Then I executed this command:

C:\Projects\VSTST-CLASSES>"C:\Program Files (x86)\Microsoft SDKs\Windows\v7.0A\Bin\NETFX 4.0 Tools\xsd.exe" vstst.xsd /c

That generated a file called VSTST.CS.  In Visual Studio, in a new console application, I chose “Add Existing Item” and added that .CS file to the project to give me access to the generated classes.

Then (as described in the user comments in Rasheed’s blog ), I had to go into VSTST.CS, which now contains a load of classes that can be used to deserialize your test data, and comment out the “Items” properties of the GenericTestType and CodedWebTestElementType, to get the test results data to deserialize without error.

The end result of all this can be seen in the following C# code (which is a variation of Rasheed’s, but, I don’t care about outputting it to Excel; I’m just trying to find certain strings in the error message, probably so I can output that text to a separate output file, which will probably be a text file in any case).  Modify as desired to find the string you want in the error message of your failed test.  This code deserializes your test results and lets you loop through them and do something  based on the contents of the error message on failed unit tests.

using System.IO;

using System.Xml;

using System.Xml.Serialization;

 

namespace Utility

{

 

    class Program

    {

        static void Main(string[] args)

        {

            var fileInfo = new FileInfo(@"C:\thePathToMyGiganticTrxFile\DBarrows@R9D0YGF 2012-07-16 20_08_01.trx");

 

            var fileStreamReader = new StreamReader(fileInfo.FullName);

 

            var xmlSer = new XmlSerializer(typeof(TestRunType));

            var testRunType = (TestRunType)xmlSer.Deserialize(fileStreamReader);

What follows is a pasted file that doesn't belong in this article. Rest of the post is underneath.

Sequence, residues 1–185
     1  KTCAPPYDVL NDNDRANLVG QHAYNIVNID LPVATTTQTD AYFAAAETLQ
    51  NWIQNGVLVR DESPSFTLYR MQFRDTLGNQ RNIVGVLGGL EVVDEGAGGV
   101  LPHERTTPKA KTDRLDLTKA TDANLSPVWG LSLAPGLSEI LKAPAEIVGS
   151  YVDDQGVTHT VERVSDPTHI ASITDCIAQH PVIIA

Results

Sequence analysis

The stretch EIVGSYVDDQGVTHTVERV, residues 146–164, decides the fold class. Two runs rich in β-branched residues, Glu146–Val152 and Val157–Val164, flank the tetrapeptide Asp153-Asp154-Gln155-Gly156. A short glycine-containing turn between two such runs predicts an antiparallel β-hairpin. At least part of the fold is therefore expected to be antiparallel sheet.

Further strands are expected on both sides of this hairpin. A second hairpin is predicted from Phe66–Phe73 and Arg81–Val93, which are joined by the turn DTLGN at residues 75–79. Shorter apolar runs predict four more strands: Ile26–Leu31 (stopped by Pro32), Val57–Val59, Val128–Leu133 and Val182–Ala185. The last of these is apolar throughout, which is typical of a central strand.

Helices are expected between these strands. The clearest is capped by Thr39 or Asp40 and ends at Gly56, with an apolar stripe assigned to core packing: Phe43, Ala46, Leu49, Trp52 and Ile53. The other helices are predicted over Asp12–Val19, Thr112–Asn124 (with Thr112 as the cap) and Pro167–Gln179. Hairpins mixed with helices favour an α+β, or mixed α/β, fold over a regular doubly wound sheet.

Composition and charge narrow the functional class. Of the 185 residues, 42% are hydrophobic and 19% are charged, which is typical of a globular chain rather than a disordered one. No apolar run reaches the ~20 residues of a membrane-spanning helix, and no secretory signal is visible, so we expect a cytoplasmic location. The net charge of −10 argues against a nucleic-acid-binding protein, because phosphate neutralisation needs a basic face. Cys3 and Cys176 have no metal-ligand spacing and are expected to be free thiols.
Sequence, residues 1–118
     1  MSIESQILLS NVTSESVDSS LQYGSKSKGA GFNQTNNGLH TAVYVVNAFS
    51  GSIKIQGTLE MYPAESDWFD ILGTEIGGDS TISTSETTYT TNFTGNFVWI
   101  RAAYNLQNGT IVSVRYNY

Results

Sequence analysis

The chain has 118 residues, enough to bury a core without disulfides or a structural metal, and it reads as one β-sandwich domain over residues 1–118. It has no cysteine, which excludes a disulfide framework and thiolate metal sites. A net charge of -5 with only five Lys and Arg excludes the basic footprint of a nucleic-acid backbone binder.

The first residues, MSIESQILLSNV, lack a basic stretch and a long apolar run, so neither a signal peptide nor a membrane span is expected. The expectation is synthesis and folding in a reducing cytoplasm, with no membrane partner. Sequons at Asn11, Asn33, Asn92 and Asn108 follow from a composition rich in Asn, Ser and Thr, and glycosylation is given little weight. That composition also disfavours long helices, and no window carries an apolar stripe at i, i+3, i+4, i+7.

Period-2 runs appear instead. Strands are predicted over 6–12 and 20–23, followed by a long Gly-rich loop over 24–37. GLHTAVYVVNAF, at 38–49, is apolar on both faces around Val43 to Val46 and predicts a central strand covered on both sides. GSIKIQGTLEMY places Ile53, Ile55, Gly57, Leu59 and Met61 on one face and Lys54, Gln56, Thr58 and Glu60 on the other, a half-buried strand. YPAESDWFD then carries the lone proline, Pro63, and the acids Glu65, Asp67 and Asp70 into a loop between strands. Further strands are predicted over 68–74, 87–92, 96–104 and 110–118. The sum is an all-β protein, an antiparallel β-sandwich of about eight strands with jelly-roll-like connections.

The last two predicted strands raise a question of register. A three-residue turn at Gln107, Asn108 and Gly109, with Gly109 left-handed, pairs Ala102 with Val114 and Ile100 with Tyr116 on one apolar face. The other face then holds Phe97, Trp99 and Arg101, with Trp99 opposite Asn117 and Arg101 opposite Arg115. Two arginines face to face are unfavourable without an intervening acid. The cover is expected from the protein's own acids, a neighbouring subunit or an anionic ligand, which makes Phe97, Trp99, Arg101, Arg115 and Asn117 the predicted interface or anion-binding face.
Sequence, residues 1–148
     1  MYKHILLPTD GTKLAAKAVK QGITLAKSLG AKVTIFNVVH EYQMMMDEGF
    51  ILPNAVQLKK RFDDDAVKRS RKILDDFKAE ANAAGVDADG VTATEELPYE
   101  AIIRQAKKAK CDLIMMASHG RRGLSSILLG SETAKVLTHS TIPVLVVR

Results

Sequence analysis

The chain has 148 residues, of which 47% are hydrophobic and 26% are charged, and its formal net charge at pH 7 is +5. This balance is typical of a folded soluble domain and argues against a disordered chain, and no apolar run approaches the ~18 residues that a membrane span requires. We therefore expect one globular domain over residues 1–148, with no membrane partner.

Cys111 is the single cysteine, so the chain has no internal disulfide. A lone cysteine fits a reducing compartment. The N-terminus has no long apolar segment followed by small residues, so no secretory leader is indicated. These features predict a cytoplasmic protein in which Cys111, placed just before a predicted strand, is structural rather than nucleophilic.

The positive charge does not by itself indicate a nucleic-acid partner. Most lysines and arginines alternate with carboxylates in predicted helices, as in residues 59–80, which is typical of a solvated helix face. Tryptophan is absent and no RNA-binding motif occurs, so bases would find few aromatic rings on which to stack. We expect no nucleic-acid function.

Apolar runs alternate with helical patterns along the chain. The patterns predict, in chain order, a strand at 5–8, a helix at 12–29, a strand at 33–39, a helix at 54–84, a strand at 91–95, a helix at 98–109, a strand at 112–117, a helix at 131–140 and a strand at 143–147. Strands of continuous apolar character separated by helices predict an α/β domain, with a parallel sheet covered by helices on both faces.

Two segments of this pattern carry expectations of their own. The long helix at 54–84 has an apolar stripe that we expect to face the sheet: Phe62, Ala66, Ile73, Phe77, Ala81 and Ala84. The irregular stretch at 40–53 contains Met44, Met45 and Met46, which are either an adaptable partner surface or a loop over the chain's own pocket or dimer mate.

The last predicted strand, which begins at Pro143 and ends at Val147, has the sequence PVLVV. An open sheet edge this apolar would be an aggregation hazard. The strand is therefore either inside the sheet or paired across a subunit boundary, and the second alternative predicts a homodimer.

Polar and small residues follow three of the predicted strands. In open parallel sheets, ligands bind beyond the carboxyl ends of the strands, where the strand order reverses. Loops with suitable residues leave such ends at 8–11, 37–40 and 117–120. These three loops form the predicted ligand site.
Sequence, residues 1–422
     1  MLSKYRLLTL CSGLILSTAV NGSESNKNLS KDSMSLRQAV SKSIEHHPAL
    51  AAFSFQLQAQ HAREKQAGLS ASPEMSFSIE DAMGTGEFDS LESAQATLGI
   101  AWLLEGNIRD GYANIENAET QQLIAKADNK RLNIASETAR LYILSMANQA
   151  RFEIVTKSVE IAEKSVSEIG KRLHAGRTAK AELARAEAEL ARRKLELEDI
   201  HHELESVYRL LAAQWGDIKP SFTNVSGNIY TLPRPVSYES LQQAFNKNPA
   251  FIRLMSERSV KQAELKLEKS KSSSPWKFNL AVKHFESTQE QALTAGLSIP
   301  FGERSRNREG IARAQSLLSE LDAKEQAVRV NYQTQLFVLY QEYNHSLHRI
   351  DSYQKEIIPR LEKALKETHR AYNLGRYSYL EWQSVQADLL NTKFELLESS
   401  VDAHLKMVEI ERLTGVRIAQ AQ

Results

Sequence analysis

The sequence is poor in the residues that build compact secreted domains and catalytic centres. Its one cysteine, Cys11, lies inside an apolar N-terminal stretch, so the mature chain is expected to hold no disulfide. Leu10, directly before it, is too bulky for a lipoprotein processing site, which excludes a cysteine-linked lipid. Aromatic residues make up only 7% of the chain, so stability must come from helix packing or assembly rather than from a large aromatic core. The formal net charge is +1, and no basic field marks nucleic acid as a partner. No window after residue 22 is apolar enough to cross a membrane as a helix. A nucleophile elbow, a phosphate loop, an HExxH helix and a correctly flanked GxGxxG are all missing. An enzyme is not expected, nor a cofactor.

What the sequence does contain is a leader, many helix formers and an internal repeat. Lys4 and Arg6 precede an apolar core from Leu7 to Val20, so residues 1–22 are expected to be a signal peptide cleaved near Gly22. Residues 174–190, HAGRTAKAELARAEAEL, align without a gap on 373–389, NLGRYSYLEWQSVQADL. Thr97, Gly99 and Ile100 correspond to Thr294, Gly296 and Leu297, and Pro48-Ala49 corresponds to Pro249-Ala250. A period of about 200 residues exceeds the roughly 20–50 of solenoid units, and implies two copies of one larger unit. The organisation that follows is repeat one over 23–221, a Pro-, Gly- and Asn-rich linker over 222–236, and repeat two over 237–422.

foreach (var itob1 in testRunType.Items)

            {

                var resultsType = itob1 as ResultsType;

                if (resultsType == null) continue;

 

                foreach (var itob2 in resultsType.Items)

                {

                    var unitTestResultType = itob2 as UnitTestResultType;

 

                    if (unitTestResultType == null) continue;

 

                    // these are not used, but they could be to identify the output:

 

                    // var id = unitTestResultType.testId;

                    // var testName = unitTestResultType.testName;

 

                    var outcome = unitTestResultType.outcome;

 

                    if (outcome != "Failed") continue;

 

                    var items = unitTestResultType.Items;

 

                    if (items == null || items.Length <= 0) continue;

 

                    // now we know we have a failed test; look for the desired string(s) in the error message

                    var outputType = (OutputType) unitTestResultType.Items[0];

                    var errorInfo = outputType.ErrorInfo;

                    var message = errorInfo.Message;

                    var text = ((XmlNode[]) message)[0].InnerText;

 

                    if (text.ToLower().Contains("some_pertinent_string"))

                    {

                        // do something special if the error message contains some particular string,

                        // e.g. parse the error message further and output as desired

                    }

                }

            }

        }

    }

}